The WSJ Blog posted recently that health care job postings are up and that the health care job market is “strong”.
According to the post, ”The business research group said that “advertised vacancies for healthcare practitioners or technical occupations outnumbered the unemployed looking for work in this field by almost 3 to 1,” citing November data.”
While it’s true that more job openings than job hunters is typically a good thing and indicates a robust job market, the WSJ Blog failed to recognize one important issue with the health care industry: in some areas of the health care sector, namely primary care, docs are leaving the field of medicine all together, and have been for at least a decade. So, it’s no wonder there are so many job openings…there’s no one around to fill them!
A recent study in the journal Pediatrics, “Part Time Work Among Pediatrics Expands”, gives a great over view of the pediatric work force and confirms the experience I’ve had in the field for the last 15 plus years.
Part time work isn’t new to pediatrics given the amount of women in the field but it used to be more popular as careers advanced. According to this study, however, pediatricians are now opting for part time work right out of the gate, just after training or during, in their 30s. And, that more men are going part time as well as subspecialists along with the women and generalists that have been steady part timers for a while. All tolled, as of 2006, 23% of the pediatric work force was documented as part time – and growing!
Here’s another tidbit for you: buried in the data I discovered that not only are pediatricians going part time but many are leaving the field. In fact, 12% of pediatricians are currently in nonclinical jobs.
I couldn’t find any new data on how many pediatricians are leaving the field or doing what I have done and altered the career path over time to become more nonclinical at a young age but I can tell you anecdotally it’s not a small number. I know many pediatricians not working now by choice, working incredibly part time or just opting for nonclinical paths because the current clinical paths, even part time ones, were not compatible with family life and a satisfying economic future.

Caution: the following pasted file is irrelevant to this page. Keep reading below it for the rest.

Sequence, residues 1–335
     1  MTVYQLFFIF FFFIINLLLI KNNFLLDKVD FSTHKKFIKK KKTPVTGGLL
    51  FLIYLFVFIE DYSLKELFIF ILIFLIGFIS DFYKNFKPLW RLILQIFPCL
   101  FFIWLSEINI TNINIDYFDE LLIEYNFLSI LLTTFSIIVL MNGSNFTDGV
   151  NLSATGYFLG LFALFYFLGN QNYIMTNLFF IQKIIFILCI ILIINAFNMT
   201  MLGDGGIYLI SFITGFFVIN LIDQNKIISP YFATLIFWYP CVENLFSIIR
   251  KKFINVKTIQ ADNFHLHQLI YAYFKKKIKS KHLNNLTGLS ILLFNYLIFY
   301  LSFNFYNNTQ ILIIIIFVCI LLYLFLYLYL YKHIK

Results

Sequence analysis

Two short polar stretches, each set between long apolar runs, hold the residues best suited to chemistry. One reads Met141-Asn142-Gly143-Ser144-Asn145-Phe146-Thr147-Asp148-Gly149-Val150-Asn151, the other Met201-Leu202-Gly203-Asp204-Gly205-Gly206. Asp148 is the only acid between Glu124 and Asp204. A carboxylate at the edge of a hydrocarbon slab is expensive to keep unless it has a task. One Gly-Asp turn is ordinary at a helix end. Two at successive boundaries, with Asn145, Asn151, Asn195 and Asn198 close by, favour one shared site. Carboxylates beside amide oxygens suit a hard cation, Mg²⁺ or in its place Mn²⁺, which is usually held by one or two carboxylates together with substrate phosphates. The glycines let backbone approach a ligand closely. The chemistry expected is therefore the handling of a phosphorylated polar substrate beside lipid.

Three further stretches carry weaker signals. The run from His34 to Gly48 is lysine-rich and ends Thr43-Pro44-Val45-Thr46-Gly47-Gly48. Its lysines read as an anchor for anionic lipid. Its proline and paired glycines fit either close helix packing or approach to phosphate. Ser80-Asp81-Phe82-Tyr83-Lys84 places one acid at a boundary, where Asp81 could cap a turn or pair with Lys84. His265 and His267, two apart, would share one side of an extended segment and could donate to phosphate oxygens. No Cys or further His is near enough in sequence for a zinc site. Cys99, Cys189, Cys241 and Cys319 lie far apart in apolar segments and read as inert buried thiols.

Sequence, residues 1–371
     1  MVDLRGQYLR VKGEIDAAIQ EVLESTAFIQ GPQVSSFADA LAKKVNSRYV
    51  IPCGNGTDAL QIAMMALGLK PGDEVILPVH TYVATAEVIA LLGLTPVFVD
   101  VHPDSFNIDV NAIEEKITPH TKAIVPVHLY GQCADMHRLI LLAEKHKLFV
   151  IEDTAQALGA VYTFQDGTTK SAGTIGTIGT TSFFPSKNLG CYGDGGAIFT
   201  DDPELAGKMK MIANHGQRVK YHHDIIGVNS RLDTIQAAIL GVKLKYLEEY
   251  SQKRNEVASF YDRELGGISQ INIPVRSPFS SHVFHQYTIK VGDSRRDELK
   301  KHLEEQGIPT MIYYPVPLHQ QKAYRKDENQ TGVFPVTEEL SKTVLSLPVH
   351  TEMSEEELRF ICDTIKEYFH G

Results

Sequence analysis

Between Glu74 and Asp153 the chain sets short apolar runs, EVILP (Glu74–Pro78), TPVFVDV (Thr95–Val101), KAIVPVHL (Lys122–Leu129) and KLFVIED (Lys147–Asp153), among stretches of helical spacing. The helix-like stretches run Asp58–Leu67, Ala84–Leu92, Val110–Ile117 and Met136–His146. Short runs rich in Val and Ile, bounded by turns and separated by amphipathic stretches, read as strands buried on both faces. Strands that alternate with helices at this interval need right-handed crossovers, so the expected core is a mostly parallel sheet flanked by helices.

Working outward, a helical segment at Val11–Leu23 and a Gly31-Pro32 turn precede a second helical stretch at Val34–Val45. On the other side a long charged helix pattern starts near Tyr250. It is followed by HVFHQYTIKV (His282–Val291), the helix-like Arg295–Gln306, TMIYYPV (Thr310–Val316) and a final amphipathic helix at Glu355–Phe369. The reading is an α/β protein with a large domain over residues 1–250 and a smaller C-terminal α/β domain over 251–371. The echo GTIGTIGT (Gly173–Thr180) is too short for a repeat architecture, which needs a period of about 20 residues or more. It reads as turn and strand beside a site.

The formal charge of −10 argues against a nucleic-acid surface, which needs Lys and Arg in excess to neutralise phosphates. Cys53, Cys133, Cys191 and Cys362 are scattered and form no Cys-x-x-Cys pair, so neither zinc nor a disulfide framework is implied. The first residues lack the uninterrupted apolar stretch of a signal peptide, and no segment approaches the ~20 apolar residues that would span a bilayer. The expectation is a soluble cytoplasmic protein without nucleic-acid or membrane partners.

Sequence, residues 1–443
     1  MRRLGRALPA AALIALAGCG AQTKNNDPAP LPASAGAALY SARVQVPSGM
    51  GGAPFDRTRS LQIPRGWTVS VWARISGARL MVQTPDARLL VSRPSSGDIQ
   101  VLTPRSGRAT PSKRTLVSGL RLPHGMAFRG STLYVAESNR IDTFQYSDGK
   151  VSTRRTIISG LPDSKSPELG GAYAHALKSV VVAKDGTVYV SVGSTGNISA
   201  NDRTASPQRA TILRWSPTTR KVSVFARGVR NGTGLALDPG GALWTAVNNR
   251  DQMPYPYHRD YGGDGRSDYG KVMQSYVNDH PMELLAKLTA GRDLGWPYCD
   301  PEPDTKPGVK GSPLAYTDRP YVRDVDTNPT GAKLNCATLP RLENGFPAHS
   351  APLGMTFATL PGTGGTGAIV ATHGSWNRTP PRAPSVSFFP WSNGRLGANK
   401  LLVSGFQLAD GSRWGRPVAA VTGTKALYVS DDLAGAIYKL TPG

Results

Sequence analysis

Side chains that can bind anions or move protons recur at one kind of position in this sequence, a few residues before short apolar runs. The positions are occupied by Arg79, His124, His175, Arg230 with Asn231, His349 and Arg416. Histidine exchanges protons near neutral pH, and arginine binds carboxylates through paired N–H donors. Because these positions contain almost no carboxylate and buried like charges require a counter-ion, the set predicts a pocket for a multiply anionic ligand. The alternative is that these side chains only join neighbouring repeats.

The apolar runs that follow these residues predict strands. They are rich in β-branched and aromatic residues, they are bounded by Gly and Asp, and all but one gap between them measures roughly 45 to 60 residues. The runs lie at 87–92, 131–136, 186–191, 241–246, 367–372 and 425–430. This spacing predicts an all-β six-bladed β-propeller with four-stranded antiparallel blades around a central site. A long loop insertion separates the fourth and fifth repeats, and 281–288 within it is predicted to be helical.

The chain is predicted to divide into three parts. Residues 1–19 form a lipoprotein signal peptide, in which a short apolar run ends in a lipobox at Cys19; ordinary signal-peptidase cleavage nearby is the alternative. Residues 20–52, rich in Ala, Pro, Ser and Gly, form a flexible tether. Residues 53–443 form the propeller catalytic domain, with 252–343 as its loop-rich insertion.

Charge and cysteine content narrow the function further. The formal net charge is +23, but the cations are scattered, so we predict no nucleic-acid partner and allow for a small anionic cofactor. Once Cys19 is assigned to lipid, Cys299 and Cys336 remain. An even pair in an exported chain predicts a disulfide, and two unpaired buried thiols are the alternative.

Doctors leaving the field before the age of 50 is a huge red flag for any field. I hope the field of pediatrics recognizes that and seriously takes a look at not just the training but the practice of pediatrics and the current economic models being offered in all aspects of the field.
As for me, I don’t regret the decisions I made. I’ve always enjoyed the more academic pursuits and I was going to end up in a more academic, nonclinical field regardless of any practice issue at play – the writing for that was on the wall for a very long while. I’ve always found volunteering at a free clinic an amazing way to “practice” pediatrics and give back to society so that’s how I stay fresh and keep my skills up – and help people in society who otherwise wouldn’t have access to a pediatrician. But, when I was a younger pediatrician and toying with options, it would have been nice had there been more that worked and I hope for future pediatricians who want to practice clinical pediatrics that the future is brighter for them in that sector. Right now, it’s way too challenging and frustrating!
Are you a doc not using your stethoscope any more or using your training in a way you never predicted? Tell us about it in the comments. You are very much not alone!
*This blog post was originally published at Dr. Gwenn Is In*